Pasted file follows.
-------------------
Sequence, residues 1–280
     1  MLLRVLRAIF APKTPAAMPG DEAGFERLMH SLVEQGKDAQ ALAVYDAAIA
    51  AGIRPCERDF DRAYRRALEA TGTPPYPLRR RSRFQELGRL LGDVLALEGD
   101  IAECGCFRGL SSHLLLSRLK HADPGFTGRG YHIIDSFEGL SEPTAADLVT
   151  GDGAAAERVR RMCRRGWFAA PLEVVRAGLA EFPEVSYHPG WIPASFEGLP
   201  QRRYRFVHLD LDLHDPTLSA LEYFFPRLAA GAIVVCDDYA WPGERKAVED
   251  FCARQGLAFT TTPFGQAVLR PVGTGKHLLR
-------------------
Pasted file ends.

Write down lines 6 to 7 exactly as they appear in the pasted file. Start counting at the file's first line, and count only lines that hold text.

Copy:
   201  QRRYRFVHLD LDLHDPTLSA LEYFFPRLAA GAIVVCDDYA WPGERKAVED
   251  FCARQGLAFT TTPFGQAVLR PVGTGKHLLR